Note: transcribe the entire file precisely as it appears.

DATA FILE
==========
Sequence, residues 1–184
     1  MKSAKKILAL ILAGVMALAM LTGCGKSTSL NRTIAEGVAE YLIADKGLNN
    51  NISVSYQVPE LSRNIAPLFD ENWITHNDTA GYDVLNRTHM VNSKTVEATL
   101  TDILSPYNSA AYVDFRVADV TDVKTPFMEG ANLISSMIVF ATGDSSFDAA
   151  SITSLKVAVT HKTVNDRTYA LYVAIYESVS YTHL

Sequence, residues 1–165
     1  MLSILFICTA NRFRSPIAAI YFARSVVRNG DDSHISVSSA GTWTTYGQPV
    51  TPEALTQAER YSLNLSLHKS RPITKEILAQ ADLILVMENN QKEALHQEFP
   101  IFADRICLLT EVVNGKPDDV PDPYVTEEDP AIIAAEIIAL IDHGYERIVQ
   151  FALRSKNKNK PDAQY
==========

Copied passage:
Sequence, residues 1–184
     1  MKSAKKILAL ILAGVMALAM LTGCGKSTSL NRTIAEGVAE YLIADKGLNN
    51  NISVSYQVPE LSRNIAPLFD ENWITHNDTA GYDVLNRTHM VNSKTVEATL
   101  TDILSPYNSA AYVDFRVADV TDVKTPFMEG ANLISSMIVF ATGDSSFDAA
   151  SITSLKVAVT HKTVNDRTYA LYVAIYESVS YTHL

Sequence, residues 1–165
     1  MLSILFICTA NRFRSPIAAI YFARSVVRNG DDSHISVSSA GTWTTYGQPV
    51  TPEALTQAER YSLNLSLHKS RPITKEILAQ ADLILVMENN QKEALHQEFP
   101  IFADRICLLT EVVNGKPDDV PDPYVTEEDP AIIAAEIIAL IDHGYERIVQ
   151  FALRSKNKNK PDAQY